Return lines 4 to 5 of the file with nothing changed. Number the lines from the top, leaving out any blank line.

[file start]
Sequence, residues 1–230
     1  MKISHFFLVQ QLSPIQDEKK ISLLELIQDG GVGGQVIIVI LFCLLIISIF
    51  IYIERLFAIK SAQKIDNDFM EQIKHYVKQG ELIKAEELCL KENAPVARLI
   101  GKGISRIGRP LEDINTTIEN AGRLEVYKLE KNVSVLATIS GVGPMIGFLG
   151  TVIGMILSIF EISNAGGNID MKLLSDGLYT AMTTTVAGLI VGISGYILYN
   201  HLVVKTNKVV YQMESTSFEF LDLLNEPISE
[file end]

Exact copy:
   101  GKGISRIGRP LEDINTTIEN AGRLEVYKLE KNVSVLATIS GVGPMIGFLG
   151  TVIGMILSIF EISNAGGNID MKLLSDGLYT AMTTTVAGLI VGISGYILYN